After he had buried jumpers and slashed into the lane and drawn fouls and grabbed just as many rebounds as any of the big guys on the Michigan State roster, Kyrie Irving glanced into the Duke student section, shrugged his shoulders and smiled.
His classmates called his name in unison.
Now we have to figure out what to call him going forward.
The nation's best freshman?
Best point guard?
Best player, period?
Label Irving any of those things, and you'll get no argument from me.
The first-year star was terrific in Duke's 84-79 victory against Michigan State late Wednesday here at Cameron Indoor Stadium, and now the nation knows why those of us who watched Irving throughout high school had no issues ranking the Blue Devils No. 1 this preseason. Yes, they lost three starters from last year's national championship team, but they still upgraded in talent.
Irving is a top-tier prospect who operates at a different level. Almost everybody agreed he would be good. But I'm not sure anybody expected him to be this good this quickly -- to drop 31 points, six rebounds and four assists in the seventh game of his career against a veteran backcourt from a talented team coached by the basketball genius who is Tom Izzo.
"It felt good," Irving said. "It felt really good to play this well in a big game like this."
I guess so.
The wildest thing about Irving's monster statistical performance -- his 31 points represents the second highest by a freshman in Duke history -- was how it mostly came in the normal flow of the game. He rarely lost control, rarely took bad shots, rarely forced things that weren't there. He was just running his team and exploiting the other team's weaknesses, pushing when it was time to push and pulling back when it was time to pull back.
In other words, he was being a real point guard because he is a real point guard, and he's slowly -- quickly, actually -- developing into the go-to player for the nation's top-ranked team despite the fact that it's a top-ranked team featuring two senior All-Americans.
"In practices he'll tell somebody, 'Get out of the way, I've got it,' " said Nolan Smith, one of those senior All-Americans. "You don't really hear that too often -- a freshman telling two seniors on the wings to get out of the way. But we have no problem sitting back and letting him do it, because we know he can."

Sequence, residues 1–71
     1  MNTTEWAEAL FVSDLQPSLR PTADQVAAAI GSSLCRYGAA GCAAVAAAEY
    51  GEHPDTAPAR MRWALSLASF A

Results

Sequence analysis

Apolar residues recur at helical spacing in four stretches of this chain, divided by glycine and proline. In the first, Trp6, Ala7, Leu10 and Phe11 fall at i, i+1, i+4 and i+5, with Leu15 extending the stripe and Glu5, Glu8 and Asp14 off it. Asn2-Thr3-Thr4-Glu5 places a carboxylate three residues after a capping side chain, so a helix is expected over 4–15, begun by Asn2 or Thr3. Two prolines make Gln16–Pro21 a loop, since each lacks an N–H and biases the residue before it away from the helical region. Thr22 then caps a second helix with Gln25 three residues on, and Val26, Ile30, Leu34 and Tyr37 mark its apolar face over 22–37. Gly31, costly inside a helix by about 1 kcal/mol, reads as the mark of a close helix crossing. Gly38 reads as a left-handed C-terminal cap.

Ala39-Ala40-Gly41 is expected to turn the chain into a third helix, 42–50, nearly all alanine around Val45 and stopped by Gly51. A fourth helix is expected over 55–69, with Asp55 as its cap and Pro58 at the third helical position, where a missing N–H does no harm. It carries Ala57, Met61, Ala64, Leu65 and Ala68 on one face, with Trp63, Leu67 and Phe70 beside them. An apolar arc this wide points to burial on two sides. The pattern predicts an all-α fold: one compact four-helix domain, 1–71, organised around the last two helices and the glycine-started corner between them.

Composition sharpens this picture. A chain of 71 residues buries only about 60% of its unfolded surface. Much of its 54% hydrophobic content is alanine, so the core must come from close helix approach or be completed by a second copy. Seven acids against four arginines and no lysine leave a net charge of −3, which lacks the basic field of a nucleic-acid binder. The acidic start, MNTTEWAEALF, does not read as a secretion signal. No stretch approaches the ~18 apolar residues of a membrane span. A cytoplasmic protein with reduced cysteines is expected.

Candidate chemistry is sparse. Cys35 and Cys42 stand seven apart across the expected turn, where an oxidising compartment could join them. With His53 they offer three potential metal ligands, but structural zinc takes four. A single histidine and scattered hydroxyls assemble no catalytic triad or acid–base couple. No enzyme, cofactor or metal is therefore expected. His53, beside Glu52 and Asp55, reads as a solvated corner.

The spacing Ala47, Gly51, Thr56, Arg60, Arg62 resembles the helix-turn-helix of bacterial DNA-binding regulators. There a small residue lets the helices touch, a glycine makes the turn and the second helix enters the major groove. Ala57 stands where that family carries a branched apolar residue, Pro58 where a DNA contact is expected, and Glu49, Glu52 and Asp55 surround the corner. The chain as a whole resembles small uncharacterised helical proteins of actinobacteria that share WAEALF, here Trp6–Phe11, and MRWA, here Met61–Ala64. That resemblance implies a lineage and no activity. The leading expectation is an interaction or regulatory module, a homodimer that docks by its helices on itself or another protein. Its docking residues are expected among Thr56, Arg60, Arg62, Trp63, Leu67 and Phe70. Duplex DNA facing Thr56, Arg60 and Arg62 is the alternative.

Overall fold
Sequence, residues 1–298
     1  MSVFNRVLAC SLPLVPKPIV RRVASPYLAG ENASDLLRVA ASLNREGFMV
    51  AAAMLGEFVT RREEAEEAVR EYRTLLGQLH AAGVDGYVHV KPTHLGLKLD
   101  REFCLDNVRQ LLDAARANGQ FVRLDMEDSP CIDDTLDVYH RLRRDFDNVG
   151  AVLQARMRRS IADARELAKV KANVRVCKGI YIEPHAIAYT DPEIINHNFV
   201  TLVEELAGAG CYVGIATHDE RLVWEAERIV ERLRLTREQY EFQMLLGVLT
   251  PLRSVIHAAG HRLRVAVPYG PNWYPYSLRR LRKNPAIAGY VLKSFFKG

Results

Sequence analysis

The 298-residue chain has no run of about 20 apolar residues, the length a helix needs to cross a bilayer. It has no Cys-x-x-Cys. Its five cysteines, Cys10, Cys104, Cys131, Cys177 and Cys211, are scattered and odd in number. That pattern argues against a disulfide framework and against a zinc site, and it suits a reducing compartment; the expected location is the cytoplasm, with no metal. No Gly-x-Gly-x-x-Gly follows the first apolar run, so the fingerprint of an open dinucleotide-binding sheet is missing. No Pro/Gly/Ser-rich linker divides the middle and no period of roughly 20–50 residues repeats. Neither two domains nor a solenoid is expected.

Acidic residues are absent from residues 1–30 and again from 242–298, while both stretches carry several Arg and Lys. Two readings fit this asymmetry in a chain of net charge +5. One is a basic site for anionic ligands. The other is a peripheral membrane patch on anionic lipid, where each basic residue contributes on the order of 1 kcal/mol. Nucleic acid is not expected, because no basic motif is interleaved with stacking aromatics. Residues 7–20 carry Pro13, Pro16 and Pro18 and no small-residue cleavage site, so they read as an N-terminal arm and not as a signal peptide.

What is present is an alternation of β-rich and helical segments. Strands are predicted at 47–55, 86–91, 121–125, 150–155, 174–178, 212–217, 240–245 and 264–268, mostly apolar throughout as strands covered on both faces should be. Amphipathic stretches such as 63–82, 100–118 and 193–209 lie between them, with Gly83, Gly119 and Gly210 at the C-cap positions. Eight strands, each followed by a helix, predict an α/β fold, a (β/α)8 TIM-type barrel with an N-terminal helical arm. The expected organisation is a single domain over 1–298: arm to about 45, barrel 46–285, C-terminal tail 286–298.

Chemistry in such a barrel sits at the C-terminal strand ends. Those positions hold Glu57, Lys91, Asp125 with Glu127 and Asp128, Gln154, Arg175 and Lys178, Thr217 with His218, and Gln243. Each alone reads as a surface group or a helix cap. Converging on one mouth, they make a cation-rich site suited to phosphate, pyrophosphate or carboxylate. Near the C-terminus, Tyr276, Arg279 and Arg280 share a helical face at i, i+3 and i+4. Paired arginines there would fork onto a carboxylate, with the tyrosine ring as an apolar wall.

Michigan State now knows, too.
"He's a great player," said Spartans point guard Korie Lucious, who finished with 20 points and eight assists in the loss. "Coach K knows how to recruit great guards, and he's one of them."
Next up for Irving is a trip to his home state of New Jersey for a neutral-court showdown Saturday against Butler that'll be a rematch of last season's title game -- in name only. The Bulldogs and Blue Devils are much different teams than the teams the nation watched play at Lucas Oil Stadium on that memorable Monday in April, and by different, I mean Butler isn't nearly as good and Duke might possibly be better.
Either way, there's a good chance Irving will put on another show on national television, and if he does, you can rest assured that talks of a Player of the Year Award will start to intensify.
How will Irving handle it?
Can he handle it?
My prediction is that he'll handle it the same way he handles everything: calmly. Odds are he'll continue to take charge on the court -- gather teammates, demand the ball, direct traffic, etc. -- and play it cool away from it just the way he did late Wednesday, when he sat in a chair in the Duke locker room and downplayed his significance whenever somebody asked about it.
"I'm just trying to find my place," Irving said. "I'm just trying to fill a role."
Best I can tell, that role is the role of superstar.
So far, he seems to be filling it well.